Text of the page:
• The title of this work makes reference to filmmaking yet Maguire has portrayed Blanchett in a natural manner without the associated movie-star glamour. Discuss whether this artwork reflects the public or private worlds of the sitter.
  • Read about Maguire’s painting technique in the accompanying label text in the prizes database. Create a portrait in which you experiment with a similar combination of random and structured approaches, documenting each stage of the process.

Further activities

Archibald Prize children’s trail

Julian Meagher
John Waters – the clouds will cloud

View an image and more about this work, artist and sitter in the prizes database

Children’s label text

Do you like to daydream? Julian Meagher has painted a portrait of actor John Waters looking off into the distance, as if he is daydreaming or thinking deeply about something. What could he be thinking about? Julian has used thinned oil paints to create a watery, dreamy effect which enhances the mood of this painting. Would it look as effective if the paint was thicker and the canvas larger?

More questions and activities

  • Consider the pose of the sitter in this portrait. What does his body language indicate to you? Compare this work to others in this year’s Archibald. Discuss the difference between a direct and indirect gaze and how this impacts on you as a viewer.
  • Meagher has applied thin layers of oil colour over a pencil drawing to build up form. Study how he has captured light falling on the contours of Waters’ face. Experiment yourself with thinned oil paint or watercolour to build up layers of colour and form on a face.

Further activities

Archibald Prize children’s trail

Andrew Mezei Morpheus

View an image and more about this work, artist and sitter in the prizes database

Children’s label text

Do you ever remember your dreams? This painting is of Professor Kate Leslie, a doctor who asks patients if they had any dreams while they were under general anaesthetic. Anaesthetic is a special type of medicine that is used to put people to sleep so they don’t feel any pain during surgery. Look around the picture. Can you spot clues that tell us about Kate and her research?

More questions and activities

  • Mezei has used a technique known as chiaroscuro. Research chiaroscuro and its use in paintings over the years. Compare Mezei’s work to a baroque painting. What is the impact of applying this technique?
  • How has Mezei created a narrative in this painting? List the symbols that help frame the story. Why do you think the flowers are depicted as less than perfect? Do you think Mezei has successfully suggested the sitter’s career through the use of these devices?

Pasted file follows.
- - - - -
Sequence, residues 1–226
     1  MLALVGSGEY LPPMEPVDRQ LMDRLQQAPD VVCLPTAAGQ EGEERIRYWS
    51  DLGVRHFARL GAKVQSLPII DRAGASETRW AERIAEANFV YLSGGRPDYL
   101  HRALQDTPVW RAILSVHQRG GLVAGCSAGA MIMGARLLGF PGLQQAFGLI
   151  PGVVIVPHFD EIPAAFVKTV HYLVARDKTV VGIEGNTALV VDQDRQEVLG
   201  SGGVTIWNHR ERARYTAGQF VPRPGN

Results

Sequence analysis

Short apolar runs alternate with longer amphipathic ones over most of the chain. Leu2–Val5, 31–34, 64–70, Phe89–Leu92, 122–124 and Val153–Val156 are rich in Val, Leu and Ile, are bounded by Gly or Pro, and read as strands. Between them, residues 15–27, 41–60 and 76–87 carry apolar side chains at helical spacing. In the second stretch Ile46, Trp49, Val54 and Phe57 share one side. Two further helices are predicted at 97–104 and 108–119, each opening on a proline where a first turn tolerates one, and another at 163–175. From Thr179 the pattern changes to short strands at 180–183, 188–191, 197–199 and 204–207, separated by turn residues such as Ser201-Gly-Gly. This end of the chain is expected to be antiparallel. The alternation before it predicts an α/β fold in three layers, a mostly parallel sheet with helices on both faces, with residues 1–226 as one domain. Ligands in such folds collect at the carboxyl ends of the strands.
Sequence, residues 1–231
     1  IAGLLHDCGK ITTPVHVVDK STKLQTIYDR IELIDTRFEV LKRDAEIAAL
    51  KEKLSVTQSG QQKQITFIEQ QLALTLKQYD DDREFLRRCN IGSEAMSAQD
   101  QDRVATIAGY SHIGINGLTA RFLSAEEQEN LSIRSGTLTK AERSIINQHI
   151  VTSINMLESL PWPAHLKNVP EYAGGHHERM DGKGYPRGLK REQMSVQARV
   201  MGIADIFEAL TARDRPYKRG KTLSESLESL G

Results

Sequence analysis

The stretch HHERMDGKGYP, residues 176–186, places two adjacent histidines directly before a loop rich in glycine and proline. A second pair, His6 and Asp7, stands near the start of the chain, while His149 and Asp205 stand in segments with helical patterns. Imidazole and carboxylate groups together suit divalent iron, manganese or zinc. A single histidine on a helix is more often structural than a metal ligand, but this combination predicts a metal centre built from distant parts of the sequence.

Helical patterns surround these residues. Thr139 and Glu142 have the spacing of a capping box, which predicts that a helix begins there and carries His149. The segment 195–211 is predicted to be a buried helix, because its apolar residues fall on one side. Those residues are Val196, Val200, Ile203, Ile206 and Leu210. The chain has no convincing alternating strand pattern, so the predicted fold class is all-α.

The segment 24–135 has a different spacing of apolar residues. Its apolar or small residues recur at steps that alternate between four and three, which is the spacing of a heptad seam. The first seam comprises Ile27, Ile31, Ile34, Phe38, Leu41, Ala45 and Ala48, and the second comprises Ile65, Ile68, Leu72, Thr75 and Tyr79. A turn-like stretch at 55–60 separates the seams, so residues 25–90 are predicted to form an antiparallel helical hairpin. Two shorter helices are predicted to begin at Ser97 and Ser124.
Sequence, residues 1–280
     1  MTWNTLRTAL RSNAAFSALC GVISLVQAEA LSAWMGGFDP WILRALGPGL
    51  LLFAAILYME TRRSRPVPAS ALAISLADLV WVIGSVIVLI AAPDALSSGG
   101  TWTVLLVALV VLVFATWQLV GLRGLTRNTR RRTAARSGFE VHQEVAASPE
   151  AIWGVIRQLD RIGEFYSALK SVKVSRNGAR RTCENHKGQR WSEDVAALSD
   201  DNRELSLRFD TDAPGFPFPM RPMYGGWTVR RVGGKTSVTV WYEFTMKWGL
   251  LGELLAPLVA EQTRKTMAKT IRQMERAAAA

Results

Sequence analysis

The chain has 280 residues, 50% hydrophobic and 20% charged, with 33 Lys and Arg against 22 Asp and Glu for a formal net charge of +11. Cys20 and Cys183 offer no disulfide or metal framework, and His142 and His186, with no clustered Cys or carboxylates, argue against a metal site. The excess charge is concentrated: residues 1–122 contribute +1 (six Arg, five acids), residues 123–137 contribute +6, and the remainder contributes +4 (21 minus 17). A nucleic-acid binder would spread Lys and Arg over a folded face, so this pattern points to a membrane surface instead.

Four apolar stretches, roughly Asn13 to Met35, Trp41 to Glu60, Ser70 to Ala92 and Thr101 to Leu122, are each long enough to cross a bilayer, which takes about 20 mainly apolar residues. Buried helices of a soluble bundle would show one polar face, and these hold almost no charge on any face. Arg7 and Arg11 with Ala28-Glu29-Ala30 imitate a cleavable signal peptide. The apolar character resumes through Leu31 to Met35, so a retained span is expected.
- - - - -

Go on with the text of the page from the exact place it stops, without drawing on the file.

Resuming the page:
Further activities

Archibald Prize children’s trail

Mia Oatley
Real thing

View an image and more about this work, artist and sitter in the prizes database

Children’s label text

What activities do you love to do that help you lose yourself in the moment? Mia Oatley really enjoyed painting fellow artist Tim Maguire and you can sense this in her loose style and bold brush marks. Do you think she painted this quickly or slowly? Mia has used simple lines, pattern shapes and strong colours to create this large portrait. Imagine you are painting this portrait and move your body in the rhythm and patterns you can see.

More questions and activities

  • Compare this work to the other finalists in the exhibition and identify the qualities that make it unique. Oatley describes herself as a colourist. Find out what this means. Discuss what you think this term suggests about her artistic practice.
  • Do you think Oatley has achieved the challenge she set herself to create a portrait that was ‘colourful, free and natural’? Explore the relationship between the artist’s style and the physical likeness of the subject and the impression you get of him. Do you think this painting communicates more about Oatley the artist or Maguire the subject?

Further activities

Archibald Prize children’s trail

Nicolee Payne
Fuifui Moimoi

View an image and more about this work, artist and sitter in the prizes database

Children’s label text

Do you have a sporting hero? Nicolee Payne met Fuifui Moimoi at a fan day for the Parramatta Eels Rugby League Club. She decided to paint him for the Archibald Prize as she found his personality to be warm and gentle compared to his fearsome reputation as powerful front-row forward. Notice how detailed and realistically painted this portrait is. What characteristics do you think Nicolee has captured in Fuifui’s face? Who would you choose to paint for the Archibald Prize?

More questions and activities

  • How does Payne suggest the physical strength and character of the sitter, who uses his body to earn a living? How has she highlighted Moimoi’s individuality? Would you read this portrait differently if Moimoi’s torso was clothed?
  • ‘What I saw in him that day was a kind, humble and gentle man: quite the opposite to the tough front-row forward on the football field. I wanted to try and capture those two contrasting persona in the one expression.’ Do you think Payne was successful in achieving her objective? Discuss in class.

Phillip Barnes Anna Meares